Conference features competitions in art, Web design
Drawing on history: Conference features competitions in art, Web design -
Tuesday, March 31, 2009
By JODI RAVE of the Missoulian
On Monday, Nicholas Begay swiftly moved charcoal across white drawing
paper, rubbing, drawing and blending the black pigment with skill that
captured judges' attention, allowing the art student to nab a first-place
finish in a national tribal college drawing competition.
I had fun, said Begay, a junior at the Institute of American Indian Arts
in Santa Fe, N.M. I walked around and watched everybody work. I usually
get my inspiration from other artists. I enjoyed the whole atmosphere of
everybody doing art.
Begay is among some 900 tribal college instructors, staff and students
attending the American Indian Higher Education Consortium conference at
Missoula's Hilton Garden Inn. The three-day event, which ends Tuesday night
with an award banquet, is bringing students together from tribal colleges
across the country to compete in science, speech, Web design, art, business
planning, drama, hand games and critical inquiry competitions.
We came with a busload of students, approximately 40, and they've been
participating in the knowledge bowl, said Lois Red Elk, a drama instructor
at Fort Peck Community College in Wolf Point. In preparing for these
competitions, we're making sure our students are learning culture and
reading contemporary books on history and Native life. The importance of it
all is so that our traditions are utilized in what we're teaching and
learning today in contemporary society.
Conference organizer Lola Wippert said the AIHEC event had exceeded
expectations, drawing tribal college staff and students from more than 30
Our biggest challenge was the weather, said Wippert. Our guest speaker
today was snowed in over in Livingston. And then we had some colleges in
North Dakota who couldn't make it because of flooding over there. Other
than that, things are going well here on-site. Everyone seems really
Danielle Lowe, an accounting major at the Lac Courte Oreilles Ojibwa
Community College Hayward, Wis., competed in the oral interpretation, quick
draw and art competitions.
I've learned a lot from all the different types of tribes, she said.
There's a lot of programs out there for Native students.
Lance Four Star of Fort Peck Community College agreed.
I moved back to my reservation after living in Seattle, Phoenix and
Washington, D.C., and I was in the military, said Four Star, who is a
Native American Studies major. The main thing I was missing was an
identity and connection to my tribe and my people. Since then, I've
immersed myself in the culture and I'm learning the language. I'm enjoying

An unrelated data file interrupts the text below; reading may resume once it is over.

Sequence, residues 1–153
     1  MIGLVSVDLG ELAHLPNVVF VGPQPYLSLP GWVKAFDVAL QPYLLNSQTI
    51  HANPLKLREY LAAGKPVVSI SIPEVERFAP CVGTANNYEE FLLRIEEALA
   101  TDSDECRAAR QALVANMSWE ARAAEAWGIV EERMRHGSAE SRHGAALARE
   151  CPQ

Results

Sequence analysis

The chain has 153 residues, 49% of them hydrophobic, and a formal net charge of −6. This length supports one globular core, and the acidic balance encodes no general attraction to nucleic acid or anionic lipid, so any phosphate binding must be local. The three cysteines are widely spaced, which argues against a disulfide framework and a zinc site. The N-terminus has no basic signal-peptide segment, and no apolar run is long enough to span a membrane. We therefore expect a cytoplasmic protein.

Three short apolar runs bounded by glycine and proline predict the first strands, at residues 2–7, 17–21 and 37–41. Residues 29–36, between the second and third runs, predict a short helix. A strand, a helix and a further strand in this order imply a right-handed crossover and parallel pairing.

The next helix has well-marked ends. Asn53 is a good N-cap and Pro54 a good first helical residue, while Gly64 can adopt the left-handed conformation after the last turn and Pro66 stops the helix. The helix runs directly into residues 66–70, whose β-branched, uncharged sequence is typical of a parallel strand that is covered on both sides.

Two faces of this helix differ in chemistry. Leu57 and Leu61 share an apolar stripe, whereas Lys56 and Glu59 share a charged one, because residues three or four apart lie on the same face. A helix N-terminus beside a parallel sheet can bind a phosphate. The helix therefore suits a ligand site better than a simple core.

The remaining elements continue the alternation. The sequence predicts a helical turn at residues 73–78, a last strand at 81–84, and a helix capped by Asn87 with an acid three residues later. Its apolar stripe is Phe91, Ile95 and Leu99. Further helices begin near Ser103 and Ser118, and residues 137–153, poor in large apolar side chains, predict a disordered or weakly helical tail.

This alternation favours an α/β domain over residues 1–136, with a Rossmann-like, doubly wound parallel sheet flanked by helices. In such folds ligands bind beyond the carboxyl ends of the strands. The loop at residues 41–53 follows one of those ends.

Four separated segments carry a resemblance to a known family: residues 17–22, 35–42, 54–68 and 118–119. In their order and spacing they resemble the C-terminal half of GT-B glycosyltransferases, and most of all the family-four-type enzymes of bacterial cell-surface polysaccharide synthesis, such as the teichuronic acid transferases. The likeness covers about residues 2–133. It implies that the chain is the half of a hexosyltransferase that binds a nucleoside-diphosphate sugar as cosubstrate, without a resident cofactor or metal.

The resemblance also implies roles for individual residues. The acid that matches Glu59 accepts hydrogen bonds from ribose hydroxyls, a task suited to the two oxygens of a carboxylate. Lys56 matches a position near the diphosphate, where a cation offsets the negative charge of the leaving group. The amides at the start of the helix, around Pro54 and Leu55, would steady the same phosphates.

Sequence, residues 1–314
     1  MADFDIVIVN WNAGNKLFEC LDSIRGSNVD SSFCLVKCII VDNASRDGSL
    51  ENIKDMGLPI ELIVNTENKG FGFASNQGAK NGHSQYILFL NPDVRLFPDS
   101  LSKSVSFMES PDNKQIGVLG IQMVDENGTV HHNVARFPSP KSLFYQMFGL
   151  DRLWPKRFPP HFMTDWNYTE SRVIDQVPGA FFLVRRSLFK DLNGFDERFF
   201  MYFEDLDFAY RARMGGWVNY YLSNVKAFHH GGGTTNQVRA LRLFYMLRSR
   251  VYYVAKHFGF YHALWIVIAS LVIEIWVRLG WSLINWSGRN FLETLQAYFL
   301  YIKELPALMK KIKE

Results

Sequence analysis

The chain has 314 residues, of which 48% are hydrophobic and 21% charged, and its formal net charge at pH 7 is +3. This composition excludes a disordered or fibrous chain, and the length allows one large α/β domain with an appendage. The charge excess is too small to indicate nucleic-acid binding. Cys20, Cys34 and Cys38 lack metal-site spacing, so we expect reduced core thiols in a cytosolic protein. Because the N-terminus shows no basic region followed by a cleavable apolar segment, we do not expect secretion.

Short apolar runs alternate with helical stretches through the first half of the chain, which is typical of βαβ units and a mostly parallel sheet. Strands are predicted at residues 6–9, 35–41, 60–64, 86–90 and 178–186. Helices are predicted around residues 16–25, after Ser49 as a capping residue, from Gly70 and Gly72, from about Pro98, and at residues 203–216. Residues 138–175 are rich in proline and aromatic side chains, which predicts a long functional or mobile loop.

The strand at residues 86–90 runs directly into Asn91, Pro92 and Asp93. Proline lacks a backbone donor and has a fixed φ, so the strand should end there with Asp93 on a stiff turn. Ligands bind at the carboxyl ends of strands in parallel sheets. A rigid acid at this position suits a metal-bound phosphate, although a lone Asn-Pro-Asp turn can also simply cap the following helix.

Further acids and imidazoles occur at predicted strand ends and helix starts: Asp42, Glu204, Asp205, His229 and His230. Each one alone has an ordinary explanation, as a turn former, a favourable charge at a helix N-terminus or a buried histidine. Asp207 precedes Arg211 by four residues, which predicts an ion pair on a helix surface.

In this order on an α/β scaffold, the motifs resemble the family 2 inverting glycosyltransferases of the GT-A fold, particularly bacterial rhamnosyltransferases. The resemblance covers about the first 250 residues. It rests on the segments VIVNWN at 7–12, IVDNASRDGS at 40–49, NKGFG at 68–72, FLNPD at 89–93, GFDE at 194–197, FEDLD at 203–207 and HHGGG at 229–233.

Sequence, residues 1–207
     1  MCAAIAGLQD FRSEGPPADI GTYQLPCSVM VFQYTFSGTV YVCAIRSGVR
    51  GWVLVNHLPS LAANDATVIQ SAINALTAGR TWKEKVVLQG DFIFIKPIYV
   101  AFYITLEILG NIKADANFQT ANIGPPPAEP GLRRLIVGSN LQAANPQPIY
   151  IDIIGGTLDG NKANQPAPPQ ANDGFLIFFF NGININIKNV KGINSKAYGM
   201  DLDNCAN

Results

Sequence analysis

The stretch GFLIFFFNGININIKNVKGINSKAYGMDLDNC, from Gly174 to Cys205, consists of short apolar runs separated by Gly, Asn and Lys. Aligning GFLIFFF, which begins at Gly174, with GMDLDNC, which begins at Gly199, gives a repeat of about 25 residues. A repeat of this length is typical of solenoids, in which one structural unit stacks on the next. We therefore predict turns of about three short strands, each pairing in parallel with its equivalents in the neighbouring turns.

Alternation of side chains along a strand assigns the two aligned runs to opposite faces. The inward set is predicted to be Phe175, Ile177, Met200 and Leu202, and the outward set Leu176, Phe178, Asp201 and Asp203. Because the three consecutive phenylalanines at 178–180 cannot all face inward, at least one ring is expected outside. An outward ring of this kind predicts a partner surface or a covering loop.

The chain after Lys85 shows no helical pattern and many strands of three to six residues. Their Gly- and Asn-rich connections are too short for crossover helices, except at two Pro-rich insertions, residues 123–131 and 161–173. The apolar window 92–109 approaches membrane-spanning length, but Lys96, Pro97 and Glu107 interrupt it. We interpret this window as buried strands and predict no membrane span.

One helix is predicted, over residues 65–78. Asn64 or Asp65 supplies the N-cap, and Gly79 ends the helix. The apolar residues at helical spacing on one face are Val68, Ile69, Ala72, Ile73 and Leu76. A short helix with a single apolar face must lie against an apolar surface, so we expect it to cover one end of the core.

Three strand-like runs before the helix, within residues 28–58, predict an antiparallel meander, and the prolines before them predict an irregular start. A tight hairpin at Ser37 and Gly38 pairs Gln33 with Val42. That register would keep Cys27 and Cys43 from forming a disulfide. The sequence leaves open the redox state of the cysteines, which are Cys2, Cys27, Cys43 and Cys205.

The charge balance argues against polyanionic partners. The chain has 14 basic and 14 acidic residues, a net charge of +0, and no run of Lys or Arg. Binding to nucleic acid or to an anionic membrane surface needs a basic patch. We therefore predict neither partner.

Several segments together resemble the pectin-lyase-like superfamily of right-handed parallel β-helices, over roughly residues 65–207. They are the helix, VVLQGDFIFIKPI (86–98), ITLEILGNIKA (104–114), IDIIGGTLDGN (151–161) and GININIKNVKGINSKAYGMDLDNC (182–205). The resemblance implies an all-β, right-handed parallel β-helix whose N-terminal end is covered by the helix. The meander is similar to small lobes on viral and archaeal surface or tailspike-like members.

the college and learning as much as I can.
Many of the tribal college students want to share their knowledge with
people outside their community.
Ali Smith, a computer information systems major at Blackfeet Community
College in Browning, entered the student Web site design competition. She
and her computer partner, James Durtka, designed a Web site to create
awareness about the Bear River Massacre, a seminal moment in Blackfeet
history that occurred Jan. 23, 1870.
For the last 17 years, the BCC staff and students have commemorated the
massacre of more than 217 peaceful Blackfeet men and women belonging to
Chief Heavy Runner's band.
It was early in the morning. The recorded temperature was 44 degrees below
zero, said Smith. The one the U.S. Cavalry was looking for was Mountain
Chief's band. They went to the wrong camp. They were notified twice that it
was a peaceful band.
The tragedy - also known as the Baker and Marias River Massacre - should
never have happened, Smith said.
It's not really being acknowledged by our state, she said. All we want
from the state is historic representation.
The student Bear River project, which will likely be launched in April,
aims to raise $25,000 to place a monument at the location. It's something
that's special to us, our college, our culture, said Smith.
Said Durtka: The Internet is the great communication system that we have
today. If you have anything to say, it's one of the places you best say it
if you're trying to reach a bigger audience.
Still, some of the students have turned to their computers for purely
artistic reasons. Annie Bighand from the Navajo Technical College won first
place for contemporary computer art with a piece titled Annie's Eye
Dazzler, a kaleidoscope-inspired Native imagery piece all done with
The students are extremely gifted, said Corky Clairmont, art program
director at Salish Kootenai College on the Flathead Reservation. Some of
them don't consider themselves artists. They just wanted to have fun. If
you look at the work, you see this beautiful energy and expression that
reflects our Native communities.
John Well Off Man judged the student art show, as well as the hourlong
quick draw contest.
There are some dynamite pieces in there, he said. I'm really blown away
by what I've seen in there this morning. It just shows the wide variety.
Ten years ago, everything was just pretty much the stereotypical pieces.
What I've seen today, these artists are really on the cutting edge.
Reporter Jodi Rave can be reached at 1-800-366-7186 or jodi.rave@....
Or read her blog at www.buffalopost.net.